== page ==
A tenth-anniversary gift edition of the classic work traces the forty-year endeavor of John Harrison to safeguard financial interests and the lives of countless sailors by building the first chronometer, a mechanical device that would enable effective timekeeping on the sea. By the author of Galileo's Daughter.
"An amazing and fascinating story, a book full of gems for anyone interested in history, geography, astronomy, navigation, clockmaking, and--not the least--plain old human ambition and greed....As much a tale of intrigue as it is of science."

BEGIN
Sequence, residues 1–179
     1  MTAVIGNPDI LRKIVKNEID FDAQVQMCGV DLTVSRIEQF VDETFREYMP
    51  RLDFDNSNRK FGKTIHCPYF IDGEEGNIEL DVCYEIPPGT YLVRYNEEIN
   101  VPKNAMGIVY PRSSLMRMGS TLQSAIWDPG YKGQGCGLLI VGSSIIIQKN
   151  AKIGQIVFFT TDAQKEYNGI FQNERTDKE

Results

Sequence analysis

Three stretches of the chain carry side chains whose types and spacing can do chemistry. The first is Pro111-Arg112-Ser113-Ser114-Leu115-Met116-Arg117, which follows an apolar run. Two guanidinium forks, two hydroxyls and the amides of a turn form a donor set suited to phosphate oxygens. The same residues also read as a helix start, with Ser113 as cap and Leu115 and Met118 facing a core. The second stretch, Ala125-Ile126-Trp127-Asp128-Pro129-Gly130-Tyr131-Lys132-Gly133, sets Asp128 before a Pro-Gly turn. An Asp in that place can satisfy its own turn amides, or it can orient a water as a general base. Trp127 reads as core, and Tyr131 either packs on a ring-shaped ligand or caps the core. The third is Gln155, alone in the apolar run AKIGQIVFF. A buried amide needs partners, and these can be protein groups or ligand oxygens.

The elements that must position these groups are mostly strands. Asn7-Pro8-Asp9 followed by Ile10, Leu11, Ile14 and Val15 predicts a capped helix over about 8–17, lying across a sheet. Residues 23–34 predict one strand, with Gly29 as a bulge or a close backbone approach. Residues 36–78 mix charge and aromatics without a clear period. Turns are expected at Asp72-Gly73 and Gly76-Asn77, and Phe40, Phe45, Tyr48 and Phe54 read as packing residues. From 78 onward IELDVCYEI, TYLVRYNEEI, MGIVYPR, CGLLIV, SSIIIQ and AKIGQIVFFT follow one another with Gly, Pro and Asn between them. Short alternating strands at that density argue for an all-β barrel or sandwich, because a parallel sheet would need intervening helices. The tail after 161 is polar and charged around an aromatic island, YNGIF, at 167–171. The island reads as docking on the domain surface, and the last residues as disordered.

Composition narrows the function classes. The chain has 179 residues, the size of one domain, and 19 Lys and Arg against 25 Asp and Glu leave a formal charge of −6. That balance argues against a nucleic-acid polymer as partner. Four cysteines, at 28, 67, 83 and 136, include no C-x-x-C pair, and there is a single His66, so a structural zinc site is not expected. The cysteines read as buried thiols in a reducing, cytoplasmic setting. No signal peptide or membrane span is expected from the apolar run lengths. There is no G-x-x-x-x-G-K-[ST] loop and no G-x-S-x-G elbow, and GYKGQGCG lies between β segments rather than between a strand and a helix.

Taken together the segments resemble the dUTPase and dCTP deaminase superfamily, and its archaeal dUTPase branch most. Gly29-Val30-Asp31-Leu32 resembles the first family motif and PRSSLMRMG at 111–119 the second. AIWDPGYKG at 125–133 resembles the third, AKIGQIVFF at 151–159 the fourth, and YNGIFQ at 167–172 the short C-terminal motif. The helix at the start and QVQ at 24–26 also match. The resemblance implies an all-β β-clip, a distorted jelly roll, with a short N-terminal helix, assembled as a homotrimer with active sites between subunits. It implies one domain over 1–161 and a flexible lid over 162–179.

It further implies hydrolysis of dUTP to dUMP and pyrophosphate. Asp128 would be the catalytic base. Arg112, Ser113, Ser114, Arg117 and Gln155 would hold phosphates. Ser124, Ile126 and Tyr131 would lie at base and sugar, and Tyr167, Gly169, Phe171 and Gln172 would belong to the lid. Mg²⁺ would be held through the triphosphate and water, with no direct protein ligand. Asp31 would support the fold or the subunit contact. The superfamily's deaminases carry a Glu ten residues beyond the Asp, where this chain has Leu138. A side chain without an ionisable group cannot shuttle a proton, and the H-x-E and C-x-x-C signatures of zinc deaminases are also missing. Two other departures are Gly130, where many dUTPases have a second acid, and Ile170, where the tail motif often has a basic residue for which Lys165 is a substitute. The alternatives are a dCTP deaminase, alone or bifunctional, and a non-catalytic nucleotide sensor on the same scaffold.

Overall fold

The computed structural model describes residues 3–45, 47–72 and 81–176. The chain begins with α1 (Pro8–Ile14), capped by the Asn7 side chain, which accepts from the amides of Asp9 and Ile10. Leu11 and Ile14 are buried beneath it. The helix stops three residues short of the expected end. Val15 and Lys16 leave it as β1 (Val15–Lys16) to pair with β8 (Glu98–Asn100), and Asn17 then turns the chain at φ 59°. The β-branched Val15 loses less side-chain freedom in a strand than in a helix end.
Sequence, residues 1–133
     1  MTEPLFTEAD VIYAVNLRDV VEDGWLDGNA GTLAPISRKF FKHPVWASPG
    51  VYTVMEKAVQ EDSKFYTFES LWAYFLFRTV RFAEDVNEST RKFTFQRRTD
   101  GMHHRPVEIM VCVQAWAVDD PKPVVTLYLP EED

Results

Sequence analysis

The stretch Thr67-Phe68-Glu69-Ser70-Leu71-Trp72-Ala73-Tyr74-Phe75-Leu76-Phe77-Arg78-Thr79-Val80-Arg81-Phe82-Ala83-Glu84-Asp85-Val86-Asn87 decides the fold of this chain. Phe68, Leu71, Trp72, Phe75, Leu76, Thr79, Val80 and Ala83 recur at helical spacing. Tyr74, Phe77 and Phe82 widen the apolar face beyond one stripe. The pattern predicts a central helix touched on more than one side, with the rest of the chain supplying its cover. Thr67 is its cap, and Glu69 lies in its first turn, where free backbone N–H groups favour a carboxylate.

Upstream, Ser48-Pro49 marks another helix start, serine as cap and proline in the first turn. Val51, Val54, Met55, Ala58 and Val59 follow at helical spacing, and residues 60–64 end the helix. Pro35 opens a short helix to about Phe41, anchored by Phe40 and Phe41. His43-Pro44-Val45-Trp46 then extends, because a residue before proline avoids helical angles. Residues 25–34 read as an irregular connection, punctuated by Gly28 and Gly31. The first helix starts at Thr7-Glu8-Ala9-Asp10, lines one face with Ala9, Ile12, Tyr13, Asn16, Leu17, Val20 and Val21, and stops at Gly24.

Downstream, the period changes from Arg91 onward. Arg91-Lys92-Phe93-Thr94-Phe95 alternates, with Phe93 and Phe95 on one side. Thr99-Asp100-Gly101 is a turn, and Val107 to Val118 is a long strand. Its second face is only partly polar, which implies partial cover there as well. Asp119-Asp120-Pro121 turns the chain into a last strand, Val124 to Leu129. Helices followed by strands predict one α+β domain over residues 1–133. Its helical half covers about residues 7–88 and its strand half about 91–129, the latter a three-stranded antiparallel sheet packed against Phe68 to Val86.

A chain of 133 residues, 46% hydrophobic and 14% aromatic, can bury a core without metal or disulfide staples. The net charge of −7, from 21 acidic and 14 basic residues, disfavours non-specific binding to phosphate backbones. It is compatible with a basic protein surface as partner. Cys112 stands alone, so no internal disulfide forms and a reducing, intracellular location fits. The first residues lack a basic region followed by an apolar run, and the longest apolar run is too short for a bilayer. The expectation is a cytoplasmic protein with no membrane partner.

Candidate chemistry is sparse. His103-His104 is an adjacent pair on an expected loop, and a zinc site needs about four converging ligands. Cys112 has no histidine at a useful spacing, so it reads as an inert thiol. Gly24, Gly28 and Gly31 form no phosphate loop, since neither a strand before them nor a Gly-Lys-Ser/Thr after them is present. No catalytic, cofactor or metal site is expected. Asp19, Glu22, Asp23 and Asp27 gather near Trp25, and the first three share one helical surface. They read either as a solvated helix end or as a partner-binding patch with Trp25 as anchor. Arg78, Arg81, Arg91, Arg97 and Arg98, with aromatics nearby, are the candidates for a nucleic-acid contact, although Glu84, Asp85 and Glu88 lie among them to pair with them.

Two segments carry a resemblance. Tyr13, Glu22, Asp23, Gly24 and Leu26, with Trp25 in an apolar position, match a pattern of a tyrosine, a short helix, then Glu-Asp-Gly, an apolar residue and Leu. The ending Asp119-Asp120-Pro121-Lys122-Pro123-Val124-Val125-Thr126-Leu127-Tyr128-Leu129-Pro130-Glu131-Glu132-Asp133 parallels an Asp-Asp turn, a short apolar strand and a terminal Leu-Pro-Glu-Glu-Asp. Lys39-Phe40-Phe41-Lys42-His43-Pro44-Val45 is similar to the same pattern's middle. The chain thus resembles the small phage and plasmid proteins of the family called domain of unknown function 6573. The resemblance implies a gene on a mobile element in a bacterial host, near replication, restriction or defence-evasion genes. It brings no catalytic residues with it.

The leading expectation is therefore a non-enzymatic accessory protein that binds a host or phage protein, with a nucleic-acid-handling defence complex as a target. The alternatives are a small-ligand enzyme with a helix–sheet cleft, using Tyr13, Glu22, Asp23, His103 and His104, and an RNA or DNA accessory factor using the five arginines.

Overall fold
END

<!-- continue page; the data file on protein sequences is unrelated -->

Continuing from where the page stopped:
If you've grown up at a time when orbiting satellites were taken for granted, you'd probably not find reading a book about longitude an enticing prospect. But Sobel, an award-winning former science reporter for the New York Times who writes frequently for Audubon, Discover, LIFE, and Omni magazines, has transformed what could have been a dry subject into an interesting tale of scientific discovery. It is difficult to realize that a problem that can now be solved with a couple of cheap watches and a few simple calculations at one time appeared insurmountable. In 1714, the British Parliament offered a king's ransom of 20 million ($12 million in today's currency) to anyone who could solve the problem of how to measure longitude at sea. Sobel recounts clockmaker John Harrison's lifelong struggle to win this prize by developing a timepiece impervious to the pitch and roll of the sea. His clock, known today as the chronometer, was rejected by the Longitude Board, which favored a celestial solution. Despite some awkward writing, this brief, if at times sketchy, book is recommended for popular science collections. James Olson, Northeastern Illinois Univ. Lib., Chicago